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The failures of Syrian autocrat Bashar al-Assad are laid bare by an American academic who once found the regime impressive.

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Meanwhile, the working classes’ living conditions deteriorated. And while the poor and downtrodden, together with almost everyone else in the country, had grown accustomed to the repression that has characterized Syria’s political life since even before Hafez Assad seized power in a 1970 coup, certain transgressions could not be countenanced. The Syrian uprising – initially peaceful, but militarized by the regime’s violent clampdown – was sparked by the arrest and torture of schoolchildren in Daraa who had scrawled anti-regime graffiti on the walls of their school.  

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Yet Syria, Lesch rightly reminds his readers, differs from other countries swept up in the Arab Spring. Bashar and the upper echelons of Syria’s ruling Baath party are members of a minority community (Alawites, an offshoot of Shiite Islam) that is terrified of vengeance on the part of the (Sunni Muslim) majority. Moreover, the army’s (Alawite-dominated) core units have remained loyal to the regime, and the conflict is now part of a regional if not worldwide cold war. While the Syrian regime is backed by Iran and Lebanon’s Hezbollah (as well as Russia and China in the international arena), the rebels are supported by Turkey, Saudi Arabia, and Qatar (and internationally by the United States and other Western countries).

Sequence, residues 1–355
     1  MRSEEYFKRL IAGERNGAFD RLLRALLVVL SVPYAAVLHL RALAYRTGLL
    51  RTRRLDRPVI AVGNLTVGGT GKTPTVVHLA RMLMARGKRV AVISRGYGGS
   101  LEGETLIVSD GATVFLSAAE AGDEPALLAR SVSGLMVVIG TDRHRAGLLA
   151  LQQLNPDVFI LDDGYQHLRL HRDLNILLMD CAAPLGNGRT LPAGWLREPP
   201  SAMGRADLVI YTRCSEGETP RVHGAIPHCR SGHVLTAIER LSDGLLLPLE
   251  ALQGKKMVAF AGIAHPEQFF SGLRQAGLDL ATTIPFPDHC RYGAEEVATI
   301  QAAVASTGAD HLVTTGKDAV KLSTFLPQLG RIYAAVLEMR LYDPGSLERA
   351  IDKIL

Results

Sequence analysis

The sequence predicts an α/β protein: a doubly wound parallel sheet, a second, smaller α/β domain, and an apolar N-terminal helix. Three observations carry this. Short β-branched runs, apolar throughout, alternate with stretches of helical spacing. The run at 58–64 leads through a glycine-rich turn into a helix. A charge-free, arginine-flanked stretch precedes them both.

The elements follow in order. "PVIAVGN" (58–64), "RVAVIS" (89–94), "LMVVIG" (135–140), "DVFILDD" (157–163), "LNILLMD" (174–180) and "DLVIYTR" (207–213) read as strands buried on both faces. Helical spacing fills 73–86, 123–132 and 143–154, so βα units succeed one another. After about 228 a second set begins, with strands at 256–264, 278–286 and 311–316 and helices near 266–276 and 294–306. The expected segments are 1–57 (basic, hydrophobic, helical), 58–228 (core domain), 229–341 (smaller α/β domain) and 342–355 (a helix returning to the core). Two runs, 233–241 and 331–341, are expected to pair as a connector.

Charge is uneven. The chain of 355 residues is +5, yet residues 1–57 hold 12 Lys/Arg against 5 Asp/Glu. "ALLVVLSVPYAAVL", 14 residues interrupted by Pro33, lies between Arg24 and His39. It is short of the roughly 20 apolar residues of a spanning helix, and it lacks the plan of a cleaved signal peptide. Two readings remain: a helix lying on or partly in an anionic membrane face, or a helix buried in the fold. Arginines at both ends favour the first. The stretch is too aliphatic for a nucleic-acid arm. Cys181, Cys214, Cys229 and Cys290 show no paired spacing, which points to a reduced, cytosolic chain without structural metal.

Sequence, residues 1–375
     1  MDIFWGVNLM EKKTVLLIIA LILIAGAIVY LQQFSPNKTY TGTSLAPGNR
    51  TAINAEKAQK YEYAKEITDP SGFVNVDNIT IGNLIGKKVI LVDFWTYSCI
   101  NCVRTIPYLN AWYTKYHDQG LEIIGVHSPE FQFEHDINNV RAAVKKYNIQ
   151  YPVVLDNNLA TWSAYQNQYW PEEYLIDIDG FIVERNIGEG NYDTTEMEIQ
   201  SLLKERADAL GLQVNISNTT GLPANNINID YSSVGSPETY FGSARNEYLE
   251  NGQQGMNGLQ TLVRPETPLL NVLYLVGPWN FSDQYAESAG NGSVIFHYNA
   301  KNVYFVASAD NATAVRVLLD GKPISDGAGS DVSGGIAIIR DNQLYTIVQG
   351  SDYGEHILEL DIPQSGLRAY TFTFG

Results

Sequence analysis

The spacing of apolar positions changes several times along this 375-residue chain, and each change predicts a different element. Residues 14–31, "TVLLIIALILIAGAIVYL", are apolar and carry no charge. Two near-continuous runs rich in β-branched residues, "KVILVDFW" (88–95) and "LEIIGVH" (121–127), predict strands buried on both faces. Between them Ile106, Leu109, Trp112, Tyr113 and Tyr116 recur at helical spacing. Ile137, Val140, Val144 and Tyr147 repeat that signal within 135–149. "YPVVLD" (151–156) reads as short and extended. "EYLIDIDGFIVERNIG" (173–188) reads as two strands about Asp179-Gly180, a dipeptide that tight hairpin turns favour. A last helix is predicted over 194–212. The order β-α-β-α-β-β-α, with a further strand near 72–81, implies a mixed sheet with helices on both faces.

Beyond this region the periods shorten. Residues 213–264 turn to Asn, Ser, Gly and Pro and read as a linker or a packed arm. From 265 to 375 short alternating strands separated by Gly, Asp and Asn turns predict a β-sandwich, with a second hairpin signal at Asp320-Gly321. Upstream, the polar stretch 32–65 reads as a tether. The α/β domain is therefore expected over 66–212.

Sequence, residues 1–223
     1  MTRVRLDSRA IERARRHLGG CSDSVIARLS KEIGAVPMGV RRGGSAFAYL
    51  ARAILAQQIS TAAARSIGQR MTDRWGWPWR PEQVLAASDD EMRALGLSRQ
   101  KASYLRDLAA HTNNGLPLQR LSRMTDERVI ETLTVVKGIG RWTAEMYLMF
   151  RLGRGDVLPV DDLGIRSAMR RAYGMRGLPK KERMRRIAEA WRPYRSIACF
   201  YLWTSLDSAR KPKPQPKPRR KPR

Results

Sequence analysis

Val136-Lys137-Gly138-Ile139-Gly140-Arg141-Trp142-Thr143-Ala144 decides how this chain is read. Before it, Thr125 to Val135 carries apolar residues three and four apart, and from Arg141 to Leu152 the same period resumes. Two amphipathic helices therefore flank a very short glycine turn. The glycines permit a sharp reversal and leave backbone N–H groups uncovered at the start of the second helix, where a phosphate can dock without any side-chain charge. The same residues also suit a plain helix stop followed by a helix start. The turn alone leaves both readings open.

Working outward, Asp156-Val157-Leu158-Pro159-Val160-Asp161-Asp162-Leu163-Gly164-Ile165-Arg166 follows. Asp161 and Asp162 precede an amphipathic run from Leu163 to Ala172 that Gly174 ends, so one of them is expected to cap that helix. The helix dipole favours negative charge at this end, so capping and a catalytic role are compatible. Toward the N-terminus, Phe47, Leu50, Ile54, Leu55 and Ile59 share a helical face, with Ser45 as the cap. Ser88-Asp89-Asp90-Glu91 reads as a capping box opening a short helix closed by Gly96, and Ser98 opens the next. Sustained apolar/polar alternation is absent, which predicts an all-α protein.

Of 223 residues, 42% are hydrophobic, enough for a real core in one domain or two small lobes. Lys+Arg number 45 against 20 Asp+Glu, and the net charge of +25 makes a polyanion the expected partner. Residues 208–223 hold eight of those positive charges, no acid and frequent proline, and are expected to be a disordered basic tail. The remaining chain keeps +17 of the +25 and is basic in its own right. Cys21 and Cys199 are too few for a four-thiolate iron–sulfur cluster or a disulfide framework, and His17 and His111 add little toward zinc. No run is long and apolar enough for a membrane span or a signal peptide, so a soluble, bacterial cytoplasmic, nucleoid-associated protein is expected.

Toward the end of "Syria: The Fall of the House of Assad," the author lays out several possible future scenarios: Assad could be toppled, remain in power, or preside over the country’s descent into a full-fledged civil war. A fourth possibility, understandably odious to the millions of Syrians opposed to Bashar, may nevertheless avert protracted civil conflict. “In essence,” observes Lesch, “enough Syrians who are currently opposed to Assad – especially those who sought political reform at the beginning of the uprising, rather than the ouster of the Syrian president – might be drawn back into supporting the regime because they are more fearful of an all-out civil war that would likely destroy the country and would, because of Syria’s sectarian composition, be a bloodbath.”

However, a fifth possibility was taking shape as this review went to press. Abdulbaset Sieda, head of the Syrian National Council (SNC), an umbrella opposition group, said that were Bashar to step down, the SNC would not object to high-ranking members of the Baath taking a lead role in running the country. He stressed that this would be possible only for those Baathists who have not been implicated in the repression. (The SNC and Turkey are discussing Farouk al-Sharaa, one of Syria’s two vice presidents and a former longtime foreign minister, as a possible replacement for Bashar as interim leader.) The question on which the fate of Syria may depend is: Can Bashar be persuaded to relinquish power? 

Rayyan Al-Shawaf is a writer and freelance reviewer based in Beirut, Lebanon.


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